This blog post was authored by Hossein Jazi and the Threat Intelligence Team.

Last week, Facebook announced that back in August it had taken action against a Pakistani APT group known as SideCopy. Facebook describes how the threat actors used romantic lures to compromise targets in Afghanistan.

In this blog post we are providing additional details about SideCopy that have not been published before. We were able to have unique insights about victims and targeted countries as well as the kind of data the APT group was able to successfully exfiltrate. Among the information that was stolen is access to government portals, Facebook, Twitter and Google credentials, banking information, and password-protected documents.

In addition, we detail how this threat actor had started to use new initial infection vectors for its operations which include Microsoft Publisher documents and Trojanized applications. Finally, we detail a newly-observed stealer that has been used by this actor called AuTo stealer.

Newly observed lures

The SideCopy APT is a Pakistani threat actor that has been operating since at least 2019, mainly targeting South Asian countries and more specifically India and Afghanistan. Its name comes from its infection chain that tries to mimic that of the SideWinder APT. It has been reported that this actor has similarities with Transparent Tribe (APT36) and possibly is a subdivision of this actor. Cisco Talos and Seqrite have provided comprehensive reports on this actor’s activities.

The lures used by SideCopy APT are usually archive files that have embedded one of these files: Lnk, Microsoft Publisher or Trojanized Applications. These lures can be categorized into two main groups:

  • Targeted lures: These lures are specially crafted and designed to target specific victims. We believe this category is very well customized to target government or military officials. Here some of the examples:
      This archive file contains a Microsoft Publisher document that is a letter from “Mr Ahmad Shuja Jamal, former DG for International Relations and Regional Cooperation at the National Security Council of Afghanistan” to “Hamdullah Mohib, former National Security Adviser of Afghanistan”. This letter is about a “meeting with representatives of France and UK delegations of Afghanistan”. Most likely this lure has been used to target Afghanistan government officials and especially foreign affair related officials.
    • This archive file contains a malicious lnk file which loads a decoy PDF file. The decoy PDF file is: “Email facility address list of the ERE units: 20 Sept 2021”. This lure seems to be used to target the Indian Army and National Cadet Corps of India.
    • Similar to the previous one, this includes a malicious lnk that loads a decoy PDF file. The decoy is a curriculum of the course named “Living the values, a value-narrative to grass-root leadership” offered by NCERT (National Council of Educational Research and Training of India).
Figure 1: NSA meeting lure
Figure 2: Email facility address list of the ERE units: 20 Sept 2021
Figure 3: Living the values course
  • Generic lures: These lures are mostly generic and most likely have been used in spam campaigns to collect emails and credentials to help the actor perform their targeted attacks. In this category we observed the following: (The first three lures are the ones reported as “romantic lures” in a Facebook report)
    • Using girl names as the archive file name such as ““: (showing girl pictures with an application) These archive files contain a list of images with the “.3d” extension and an application named “3Dviewer.exe” that needs to to be executed to load and view images. In fact, the executable is Trojanized and will contact the actor servers to download the malicious payloads.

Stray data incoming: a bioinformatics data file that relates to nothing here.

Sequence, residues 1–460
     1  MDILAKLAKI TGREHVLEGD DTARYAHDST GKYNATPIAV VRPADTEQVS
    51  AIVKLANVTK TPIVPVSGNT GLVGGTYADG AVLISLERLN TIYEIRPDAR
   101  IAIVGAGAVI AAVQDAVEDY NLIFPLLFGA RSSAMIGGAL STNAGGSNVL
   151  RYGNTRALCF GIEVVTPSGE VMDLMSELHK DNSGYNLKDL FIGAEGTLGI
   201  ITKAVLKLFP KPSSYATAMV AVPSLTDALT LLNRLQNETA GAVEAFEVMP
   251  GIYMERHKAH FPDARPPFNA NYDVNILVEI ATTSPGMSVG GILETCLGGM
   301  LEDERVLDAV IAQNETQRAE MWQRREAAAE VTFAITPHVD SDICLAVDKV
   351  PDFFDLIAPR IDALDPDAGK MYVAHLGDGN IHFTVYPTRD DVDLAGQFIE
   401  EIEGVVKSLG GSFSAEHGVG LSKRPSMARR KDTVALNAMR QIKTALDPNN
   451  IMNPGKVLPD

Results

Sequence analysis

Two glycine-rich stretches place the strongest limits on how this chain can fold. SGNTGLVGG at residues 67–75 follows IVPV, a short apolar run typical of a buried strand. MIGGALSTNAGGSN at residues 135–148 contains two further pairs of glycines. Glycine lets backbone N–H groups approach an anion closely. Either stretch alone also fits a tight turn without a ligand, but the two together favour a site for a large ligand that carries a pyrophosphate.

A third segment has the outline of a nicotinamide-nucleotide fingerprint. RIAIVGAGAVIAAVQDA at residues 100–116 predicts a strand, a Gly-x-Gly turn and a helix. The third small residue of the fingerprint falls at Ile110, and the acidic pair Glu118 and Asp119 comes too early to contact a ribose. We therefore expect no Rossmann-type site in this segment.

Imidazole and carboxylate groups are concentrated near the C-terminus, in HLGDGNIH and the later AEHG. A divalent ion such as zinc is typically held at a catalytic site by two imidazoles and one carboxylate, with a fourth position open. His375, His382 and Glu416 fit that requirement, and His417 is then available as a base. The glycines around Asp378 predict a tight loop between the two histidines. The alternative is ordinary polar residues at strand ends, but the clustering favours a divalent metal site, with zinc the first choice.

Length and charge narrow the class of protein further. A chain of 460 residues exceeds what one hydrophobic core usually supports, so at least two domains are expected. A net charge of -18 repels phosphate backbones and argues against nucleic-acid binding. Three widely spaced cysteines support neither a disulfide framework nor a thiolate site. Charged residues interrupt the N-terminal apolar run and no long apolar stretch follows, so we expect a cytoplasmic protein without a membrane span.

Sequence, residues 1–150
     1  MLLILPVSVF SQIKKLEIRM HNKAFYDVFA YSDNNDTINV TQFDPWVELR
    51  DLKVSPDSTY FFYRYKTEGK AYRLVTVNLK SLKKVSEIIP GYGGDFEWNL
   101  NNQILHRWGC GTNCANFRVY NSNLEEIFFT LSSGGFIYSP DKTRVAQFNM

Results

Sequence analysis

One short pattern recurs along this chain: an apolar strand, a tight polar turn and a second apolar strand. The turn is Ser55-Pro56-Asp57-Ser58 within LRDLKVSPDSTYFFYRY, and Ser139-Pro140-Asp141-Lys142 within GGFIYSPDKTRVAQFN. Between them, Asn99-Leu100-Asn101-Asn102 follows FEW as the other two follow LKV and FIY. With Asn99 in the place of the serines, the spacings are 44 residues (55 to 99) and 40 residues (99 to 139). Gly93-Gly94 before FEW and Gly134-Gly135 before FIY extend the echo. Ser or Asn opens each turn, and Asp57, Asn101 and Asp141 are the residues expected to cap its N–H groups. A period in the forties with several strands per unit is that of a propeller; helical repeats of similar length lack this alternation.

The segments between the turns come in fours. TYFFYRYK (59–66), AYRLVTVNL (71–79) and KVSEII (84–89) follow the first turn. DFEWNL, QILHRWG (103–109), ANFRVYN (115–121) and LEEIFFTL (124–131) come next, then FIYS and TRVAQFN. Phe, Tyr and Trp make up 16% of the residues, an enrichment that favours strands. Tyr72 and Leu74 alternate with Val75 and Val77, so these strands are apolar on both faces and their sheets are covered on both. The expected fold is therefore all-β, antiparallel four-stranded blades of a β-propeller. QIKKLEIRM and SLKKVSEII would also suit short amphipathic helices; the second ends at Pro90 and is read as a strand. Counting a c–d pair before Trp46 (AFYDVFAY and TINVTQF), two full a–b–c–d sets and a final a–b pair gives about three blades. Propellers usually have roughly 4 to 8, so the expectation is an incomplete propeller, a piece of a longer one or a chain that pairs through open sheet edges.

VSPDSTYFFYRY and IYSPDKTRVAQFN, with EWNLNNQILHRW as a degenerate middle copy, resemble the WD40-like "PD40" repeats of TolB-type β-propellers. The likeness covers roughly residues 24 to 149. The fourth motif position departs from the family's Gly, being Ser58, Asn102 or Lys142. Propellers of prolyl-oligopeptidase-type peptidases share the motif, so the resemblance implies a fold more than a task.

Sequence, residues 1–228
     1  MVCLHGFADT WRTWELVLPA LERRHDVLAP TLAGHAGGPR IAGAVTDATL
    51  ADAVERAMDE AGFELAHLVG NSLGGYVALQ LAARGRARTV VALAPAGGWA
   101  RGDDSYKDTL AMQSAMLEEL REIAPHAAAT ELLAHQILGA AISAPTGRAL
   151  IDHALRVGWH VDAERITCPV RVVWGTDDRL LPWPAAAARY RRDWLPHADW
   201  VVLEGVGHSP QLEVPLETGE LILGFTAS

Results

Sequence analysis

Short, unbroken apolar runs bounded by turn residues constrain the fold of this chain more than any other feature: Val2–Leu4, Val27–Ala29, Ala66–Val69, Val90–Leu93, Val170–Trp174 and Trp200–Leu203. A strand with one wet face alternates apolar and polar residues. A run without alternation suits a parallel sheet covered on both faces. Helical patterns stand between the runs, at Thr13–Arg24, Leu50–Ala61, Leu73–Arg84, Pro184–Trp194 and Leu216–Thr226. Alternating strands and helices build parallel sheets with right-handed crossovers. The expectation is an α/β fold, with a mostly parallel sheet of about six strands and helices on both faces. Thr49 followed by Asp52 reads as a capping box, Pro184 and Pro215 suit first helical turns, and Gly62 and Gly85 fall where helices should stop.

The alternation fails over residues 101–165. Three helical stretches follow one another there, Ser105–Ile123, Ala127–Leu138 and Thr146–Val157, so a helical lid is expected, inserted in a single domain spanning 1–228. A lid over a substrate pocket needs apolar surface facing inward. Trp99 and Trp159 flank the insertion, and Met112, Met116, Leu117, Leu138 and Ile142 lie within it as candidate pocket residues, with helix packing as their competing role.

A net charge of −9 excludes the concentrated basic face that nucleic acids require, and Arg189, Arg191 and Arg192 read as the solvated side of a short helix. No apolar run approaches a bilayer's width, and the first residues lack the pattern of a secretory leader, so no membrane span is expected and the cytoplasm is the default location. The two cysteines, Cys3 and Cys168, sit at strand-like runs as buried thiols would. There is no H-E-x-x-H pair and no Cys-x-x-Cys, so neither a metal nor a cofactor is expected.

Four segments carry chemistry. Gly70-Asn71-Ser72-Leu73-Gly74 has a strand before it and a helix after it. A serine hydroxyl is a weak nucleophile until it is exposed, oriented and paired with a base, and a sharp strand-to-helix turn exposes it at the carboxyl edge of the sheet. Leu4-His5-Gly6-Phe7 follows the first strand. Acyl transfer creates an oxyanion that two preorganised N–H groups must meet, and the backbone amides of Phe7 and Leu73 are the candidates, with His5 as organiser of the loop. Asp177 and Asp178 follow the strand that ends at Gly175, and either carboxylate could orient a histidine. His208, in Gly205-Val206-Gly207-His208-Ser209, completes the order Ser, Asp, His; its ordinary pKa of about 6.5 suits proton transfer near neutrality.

• image-random“: These zip files contains a malicious lnk file that shows a girl picture as a decoy.
    • Whatsapp-image-random“: These zip files contain a malicious lnk file that shows a girl picture as a decoy.
    •“: This archive file contains a Microsoft Publisher document that loads a Schengen Visa Application Form in English as decoy. This is used to target people who want to travel to European countries.
    •“: This archive contains a lnk that loads a resume as decoy. The name of the archive file usually is in this pattern “”
    • New“: This loads a document as decoy. We were not able to retrieve the lure in this case.
Figure 4: Schengen Visa Application Form
Figure 5: 3DViewer.exe


As previously reported, the SideCopy APT has mainly targeted defense and armed forces personnel in the Indian subcontinent but there are not many reports about how successful these attacks were and what data was exfiltrated. The Malwarebytes Threat Intelligence team was able to identify some of the successful attacks operated by this APT. It is worth noting that those compromises happened before the Taliban completely took over Afghanistan. In fact, Facebook’s intervention in August matches with the timeline of indicators we recorded.

  • Administration Office of the President (AOP) of Afghanistan personnel: This actor has operated targeted spear phishing attacks on members of AOP and was able to gain access to ten of them and steal their credentials from different government services such as, internal service, bank services (Maiwand Bank) and personal accounts such as Google, Twitter and Facebook.
  • Ministry of Foreign affairs- Afghanistan: We have evidence that the actor infected one of the members of the Ministry of External affairs but it seems they were not able to collect any data from this victim.
  • Ministry of Finance, Afghanistan: The actor infected two members of MOF but mostly they were able to collect personal accounts such as Google and Facebook and Bank accounts (“”). They also exfiltrated documents that are password protected.
  • Afghanistan’s National Procurement Authority (NPA): The actor infected one person in NPA and were able to stead personal credentials including Twitter, Facebook, Instagram, Pinterest, Google and the account.